Increasing Utilization of Cowpeas to Promote Health and Food Security in Kenya


A.K. Faraj; P.C. Tuitoek; J.M. Awika; A. Nderitu; D. Macharia; R.W. Kuruma

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Not Available

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Place of Publication:
Kigali, Rwanda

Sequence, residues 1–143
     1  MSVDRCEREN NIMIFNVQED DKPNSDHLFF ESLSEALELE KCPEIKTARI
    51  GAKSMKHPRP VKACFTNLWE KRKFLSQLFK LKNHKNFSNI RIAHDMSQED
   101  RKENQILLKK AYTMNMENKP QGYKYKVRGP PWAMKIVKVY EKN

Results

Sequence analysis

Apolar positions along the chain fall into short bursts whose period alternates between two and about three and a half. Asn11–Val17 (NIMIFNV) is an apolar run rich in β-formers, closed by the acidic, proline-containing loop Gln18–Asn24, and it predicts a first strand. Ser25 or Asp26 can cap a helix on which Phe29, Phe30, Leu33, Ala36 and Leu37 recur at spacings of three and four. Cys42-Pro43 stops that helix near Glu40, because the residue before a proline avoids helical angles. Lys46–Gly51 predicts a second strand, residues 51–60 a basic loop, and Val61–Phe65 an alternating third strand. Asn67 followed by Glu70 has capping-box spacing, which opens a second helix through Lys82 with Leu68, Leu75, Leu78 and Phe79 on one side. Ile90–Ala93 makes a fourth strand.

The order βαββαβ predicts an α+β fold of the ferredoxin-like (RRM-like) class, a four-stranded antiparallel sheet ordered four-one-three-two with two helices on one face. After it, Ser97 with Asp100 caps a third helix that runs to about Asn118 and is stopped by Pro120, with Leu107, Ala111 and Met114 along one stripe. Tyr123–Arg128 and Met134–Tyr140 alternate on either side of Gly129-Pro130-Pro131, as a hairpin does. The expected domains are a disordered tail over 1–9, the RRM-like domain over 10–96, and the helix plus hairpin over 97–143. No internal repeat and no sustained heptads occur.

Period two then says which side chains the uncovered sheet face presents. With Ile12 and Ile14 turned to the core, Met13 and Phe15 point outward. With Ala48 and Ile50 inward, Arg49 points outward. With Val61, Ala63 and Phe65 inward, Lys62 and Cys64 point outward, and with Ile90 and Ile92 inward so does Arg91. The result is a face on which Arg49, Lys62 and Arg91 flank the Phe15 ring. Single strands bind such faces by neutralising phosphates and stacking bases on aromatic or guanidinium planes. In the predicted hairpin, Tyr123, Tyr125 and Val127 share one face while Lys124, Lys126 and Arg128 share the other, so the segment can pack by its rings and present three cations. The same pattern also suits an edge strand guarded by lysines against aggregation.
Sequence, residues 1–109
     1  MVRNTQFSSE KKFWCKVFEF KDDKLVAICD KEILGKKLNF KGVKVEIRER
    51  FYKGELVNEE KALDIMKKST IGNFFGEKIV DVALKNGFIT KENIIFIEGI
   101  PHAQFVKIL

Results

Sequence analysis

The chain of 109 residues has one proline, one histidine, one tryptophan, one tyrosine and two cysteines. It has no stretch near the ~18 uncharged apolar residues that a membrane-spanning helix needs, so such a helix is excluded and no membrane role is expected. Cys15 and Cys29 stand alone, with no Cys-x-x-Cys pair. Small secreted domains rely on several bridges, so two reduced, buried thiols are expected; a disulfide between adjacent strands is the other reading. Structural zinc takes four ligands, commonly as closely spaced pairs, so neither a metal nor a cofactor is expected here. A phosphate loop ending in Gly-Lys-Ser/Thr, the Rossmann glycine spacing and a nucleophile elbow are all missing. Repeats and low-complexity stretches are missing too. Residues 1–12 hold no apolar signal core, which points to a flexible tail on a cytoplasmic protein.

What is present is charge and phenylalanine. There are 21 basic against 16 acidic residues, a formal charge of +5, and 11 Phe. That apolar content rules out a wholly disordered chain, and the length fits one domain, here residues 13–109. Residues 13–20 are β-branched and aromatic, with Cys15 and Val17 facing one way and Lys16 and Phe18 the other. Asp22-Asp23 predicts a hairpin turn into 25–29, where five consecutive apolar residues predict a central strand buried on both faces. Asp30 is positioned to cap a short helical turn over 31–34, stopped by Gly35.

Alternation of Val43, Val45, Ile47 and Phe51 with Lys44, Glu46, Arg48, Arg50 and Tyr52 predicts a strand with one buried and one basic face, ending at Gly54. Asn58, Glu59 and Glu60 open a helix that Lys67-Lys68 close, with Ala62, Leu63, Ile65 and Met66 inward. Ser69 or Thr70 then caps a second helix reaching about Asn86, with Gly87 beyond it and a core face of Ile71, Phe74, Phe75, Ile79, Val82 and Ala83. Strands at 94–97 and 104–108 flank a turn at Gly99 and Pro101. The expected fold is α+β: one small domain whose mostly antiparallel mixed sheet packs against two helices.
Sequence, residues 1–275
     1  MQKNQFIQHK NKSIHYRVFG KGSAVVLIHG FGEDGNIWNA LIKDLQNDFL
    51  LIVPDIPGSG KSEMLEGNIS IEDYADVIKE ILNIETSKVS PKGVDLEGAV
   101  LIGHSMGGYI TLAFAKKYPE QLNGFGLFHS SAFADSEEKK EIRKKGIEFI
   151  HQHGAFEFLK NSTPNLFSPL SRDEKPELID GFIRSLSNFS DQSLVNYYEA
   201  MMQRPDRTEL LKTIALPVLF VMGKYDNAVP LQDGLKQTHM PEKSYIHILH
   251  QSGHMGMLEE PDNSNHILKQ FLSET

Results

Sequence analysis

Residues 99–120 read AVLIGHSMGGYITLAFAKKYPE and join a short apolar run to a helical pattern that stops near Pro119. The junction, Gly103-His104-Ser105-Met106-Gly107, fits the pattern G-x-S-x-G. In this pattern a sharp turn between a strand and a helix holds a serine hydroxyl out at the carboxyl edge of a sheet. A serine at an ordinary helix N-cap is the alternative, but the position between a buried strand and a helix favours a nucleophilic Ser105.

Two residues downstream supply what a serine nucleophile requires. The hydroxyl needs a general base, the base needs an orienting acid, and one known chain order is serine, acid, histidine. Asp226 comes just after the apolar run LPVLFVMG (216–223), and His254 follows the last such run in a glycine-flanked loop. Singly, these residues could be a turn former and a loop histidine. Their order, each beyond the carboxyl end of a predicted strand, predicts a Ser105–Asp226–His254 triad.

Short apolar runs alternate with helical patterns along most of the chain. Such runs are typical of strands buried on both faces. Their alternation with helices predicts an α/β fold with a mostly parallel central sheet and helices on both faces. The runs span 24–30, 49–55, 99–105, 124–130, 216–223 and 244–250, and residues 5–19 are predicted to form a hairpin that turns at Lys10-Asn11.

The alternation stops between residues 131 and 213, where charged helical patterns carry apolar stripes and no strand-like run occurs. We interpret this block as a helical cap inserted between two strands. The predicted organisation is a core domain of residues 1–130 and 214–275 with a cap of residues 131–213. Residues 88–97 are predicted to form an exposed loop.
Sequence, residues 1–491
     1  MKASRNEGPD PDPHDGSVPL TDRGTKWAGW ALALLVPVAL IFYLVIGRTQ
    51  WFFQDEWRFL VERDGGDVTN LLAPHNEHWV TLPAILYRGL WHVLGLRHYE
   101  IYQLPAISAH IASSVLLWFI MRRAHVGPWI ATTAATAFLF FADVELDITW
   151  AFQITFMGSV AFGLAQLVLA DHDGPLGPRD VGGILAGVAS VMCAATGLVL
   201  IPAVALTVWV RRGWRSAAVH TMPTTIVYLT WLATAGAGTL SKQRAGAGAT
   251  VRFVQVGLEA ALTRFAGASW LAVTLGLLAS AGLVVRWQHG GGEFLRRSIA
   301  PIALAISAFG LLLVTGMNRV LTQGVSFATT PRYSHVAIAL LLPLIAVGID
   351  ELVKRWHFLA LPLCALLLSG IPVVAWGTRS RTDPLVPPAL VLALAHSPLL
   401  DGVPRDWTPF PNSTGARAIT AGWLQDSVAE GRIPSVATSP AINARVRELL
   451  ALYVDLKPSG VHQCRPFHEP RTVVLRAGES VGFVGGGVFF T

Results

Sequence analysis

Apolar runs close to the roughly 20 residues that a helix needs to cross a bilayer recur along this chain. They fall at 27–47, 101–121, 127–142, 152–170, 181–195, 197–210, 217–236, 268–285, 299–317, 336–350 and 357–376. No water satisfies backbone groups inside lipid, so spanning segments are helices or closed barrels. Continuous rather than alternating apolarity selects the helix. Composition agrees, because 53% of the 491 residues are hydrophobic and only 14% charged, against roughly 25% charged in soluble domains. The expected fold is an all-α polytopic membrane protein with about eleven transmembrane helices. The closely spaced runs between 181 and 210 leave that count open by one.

A poster presented at the 2012 Global Pulse Researchers Meeting, Kigali, Rwanda- “Transforming Grain-Legume Systems to Enhance Nutrition and Livelihoods”. Abstract: Cowpea is grown in Kenya both as a dry grain pulse and as a vegetable. As a dry grain pulse it is grown mainly in the dry marginal rainfall areas. These are areas that also frequently experience high levels of malnutrition and food insecurity. The average yield is about 0.5 ton/ha, while potential yield is 2.5 ton/ha. Low yield and limited market for the cowpea grain are therefore among the constraints for the uptake of cowpea by farmers. This project aims to identify high yielding lines with high phytochemical Content. The Government of Kenya through the Ministry of Agriculture is making effort to increase production and consumption of cowpea, while the Ministry of Education is trying to incorporate cowpea into their school feeding programme to improve on nutrition security and as a potential to complement beans as a source of protein. Four Kenyan cowpea varieties; Kenya Kunde (KK), Katumani 271 (KVU 271), Katumani 419 (KVU 419) and Machakos 66 (M66) were analysed for phenolic Content and antioxidant activity. The phenolic Contents ranged from 19.3 to 22.4 mg/g sample (dry weight). Antioxidant activity ranged from 272 to 312

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